Economy of Costa Rica

Economy of Costa Rica

According to businesscarriers, the country’s economy compares favorably with the economic structures of other Central American countries with a relatively high share of the industrial sector, including the production of electronic components of computers, light industry enterprises, processing of crop products, animal husbandry, tropical agriculture, and fishing. Tourism plays an important role in the economy. A feature of the country’s agricultural sector is a more even distribution of land in farm ownership in comparison with other countries of the region in the absence of large latifundia. Costa Rica ranks second in the world in banana production (after Ecuador) and is among the top ten countries producing coffee and cane sugar.

Thanks to the diversification of industrial and agricultural production, income from tourism, as well as diversified exports in terms of goods, Costa Rica is relatively well enduring the crisis associated with the so-called. globalization. GDP growth in 2002 was 1.5%. The crisis, which most affected the production of traditional export goods – bananas, coffee and sugar, domestic consumption and sales, did not lead to serious disproportions in the economy due to foreign investment.

Costa Rica’s GDP at current prices is $15,850 million, or $4,450 per capita (2001). The share of exports in GDP is 80%. As a founding member of the WTO, Costa Rica has taken advantage of the liberalization of foreign trade at the regional and global levels by entering into a series of Free Trade Agreements, achieving export growth of 8-10% per year.

In the structure of GDP, the real sector of the economy accounts for St. 50%, incl. 21.7% for industry, 18% for agriculture, 3.9% for fisheries, 3.7% for construction, and 3.5% for electricity generation and water supply. In the services sector, 11.5% is accounted for by transport and communications, 17% by trade, 8% by financial services, and the rest by the real estate business, services of administrative bodies, and other services.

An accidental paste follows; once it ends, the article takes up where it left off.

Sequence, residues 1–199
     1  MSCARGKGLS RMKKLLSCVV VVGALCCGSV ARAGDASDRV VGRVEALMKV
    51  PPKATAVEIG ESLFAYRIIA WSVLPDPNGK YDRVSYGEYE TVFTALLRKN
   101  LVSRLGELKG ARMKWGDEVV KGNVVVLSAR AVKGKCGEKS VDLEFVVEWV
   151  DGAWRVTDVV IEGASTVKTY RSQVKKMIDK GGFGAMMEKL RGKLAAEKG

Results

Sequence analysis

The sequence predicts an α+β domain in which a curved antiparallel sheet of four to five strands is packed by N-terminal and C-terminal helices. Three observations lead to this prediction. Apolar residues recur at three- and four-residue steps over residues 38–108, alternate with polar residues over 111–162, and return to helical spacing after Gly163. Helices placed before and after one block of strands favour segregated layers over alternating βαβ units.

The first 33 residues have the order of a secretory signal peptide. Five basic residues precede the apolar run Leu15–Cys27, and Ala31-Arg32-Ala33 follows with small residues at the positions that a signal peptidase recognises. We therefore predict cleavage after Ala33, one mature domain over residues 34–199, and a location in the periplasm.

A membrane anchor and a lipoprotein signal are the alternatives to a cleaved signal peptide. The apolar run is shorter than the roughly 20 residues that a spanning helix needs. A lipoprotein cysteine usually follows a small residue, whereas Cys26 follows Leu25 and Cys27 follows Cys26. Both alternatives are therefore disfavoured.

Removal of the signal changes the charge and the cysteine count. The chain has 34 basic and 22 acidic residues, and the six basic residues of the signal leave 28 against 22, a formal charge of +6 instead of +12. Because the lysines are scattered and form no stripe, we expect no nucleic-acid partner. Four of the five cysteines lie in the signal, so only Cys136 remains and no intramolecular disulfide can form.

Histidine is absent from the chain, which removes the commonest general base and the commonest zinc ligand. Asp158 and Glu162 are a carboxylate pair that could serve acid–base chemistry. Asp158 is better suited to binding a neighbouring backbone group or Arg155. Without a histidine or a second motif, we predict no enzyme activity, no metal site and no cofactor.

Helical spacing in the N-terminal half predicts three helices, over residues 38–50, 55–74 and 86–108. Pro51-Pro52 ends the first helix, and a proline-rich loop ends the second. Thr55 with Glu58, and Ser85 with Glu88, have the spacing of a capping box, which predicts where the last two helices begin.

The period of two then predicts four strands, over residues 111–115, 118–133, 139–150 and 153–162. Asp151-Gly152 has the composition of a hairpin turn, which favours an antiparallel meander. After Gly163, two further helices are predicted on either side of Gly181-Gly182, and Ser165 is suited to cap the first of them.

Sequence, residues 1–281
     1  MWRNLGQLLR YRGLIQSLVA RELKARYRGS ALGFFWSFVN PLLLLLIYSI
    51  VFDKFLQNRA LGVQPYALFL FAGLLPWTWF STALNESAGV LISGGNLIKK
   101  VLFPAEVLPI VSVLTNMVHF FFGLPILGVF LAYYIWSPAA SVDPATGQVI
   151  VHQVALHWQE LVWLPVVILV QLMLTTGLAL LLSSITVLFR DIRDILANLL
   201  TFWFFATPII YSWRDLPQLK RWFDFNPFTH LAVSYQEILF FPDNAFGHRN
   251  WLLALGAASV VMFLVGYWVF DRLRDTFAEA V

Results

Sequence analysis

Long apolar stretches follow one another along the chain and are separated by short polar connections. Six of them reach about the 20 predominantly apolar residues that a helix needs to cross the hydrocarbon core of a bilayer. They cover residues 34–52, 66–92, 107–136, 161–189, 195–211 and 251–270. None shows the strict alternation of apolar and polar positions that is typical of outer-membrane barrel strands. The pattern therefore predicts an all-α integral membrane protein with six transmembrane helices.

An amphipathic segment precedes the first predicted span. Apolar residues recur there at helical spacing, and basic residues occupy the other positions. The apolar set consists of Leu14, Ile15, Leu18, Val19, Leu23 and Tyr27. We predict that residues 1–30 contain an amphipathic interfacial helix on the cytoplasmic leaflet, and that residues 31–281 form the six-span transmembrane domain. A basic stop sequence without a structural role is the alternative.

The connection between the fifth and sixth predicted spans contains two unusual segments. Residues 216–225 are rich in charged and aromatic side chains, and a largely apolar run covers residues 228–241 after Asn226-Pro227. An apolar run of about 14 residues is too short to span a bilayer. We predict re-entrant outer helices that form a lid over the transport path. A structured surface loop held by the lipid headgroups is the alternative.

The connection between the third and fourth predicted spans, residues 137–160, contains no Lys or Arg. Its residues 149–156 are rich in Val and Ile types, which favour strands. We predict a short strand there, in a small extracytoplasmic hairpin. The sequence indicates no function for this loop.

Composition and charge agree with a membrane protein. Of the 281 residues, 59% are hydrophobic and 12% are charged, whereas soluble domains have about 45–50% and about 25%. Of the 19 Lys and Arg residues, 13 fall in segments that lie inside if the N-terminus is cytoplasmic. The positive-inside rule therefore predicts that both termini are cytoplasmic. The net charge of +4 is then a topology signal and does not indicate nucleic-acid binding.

Of the economically active population, 19% are employed in agriculture, 16% in industry, 14% in the service of administrative authorities, 11% in health and education, and the rest in trade and private sector enterprises.

The industry is divided into three groups of enterprises. The 1st group is formed by enterprises created by foreign investors in the Free Industrial Zones (FIZ). The group in terms of production costs is headed by the factory built in 1998 by INTEL (USA) for the production of electronic microcircuits and processors for personal computers of the 4th generation, the production volumes of which at a cost amount to 700-800 million US dollars per year. This group also includes enterprises of the textile, pharmaceutical, electrical, jewelry, and leather industries. Of the 220,000 Costa Ricans employed in industry, 85,000 work in the companies of this group.

The 2nd group includes enterprises operating outside the SDR regime, but producing products for both the domestic and foreign markets. Many of them initially received or receive incentives to stimulate their export activities. In this group of enterprises that form the core of the Costa Rican business. They produce milk, dairy products, juices, canned tropical fruits, broiler meat, orange juice concentrates and juices from other fruits, seafood and canned food from them, palm oil, as well as rubber products, low and high pressure polyethylene products, metal products, chemical fertilizers. The 3rd group includes enterprises with foreign and domestic private capital engaged in the production and export of traditional export goods: bananas, coffee and raw sugar.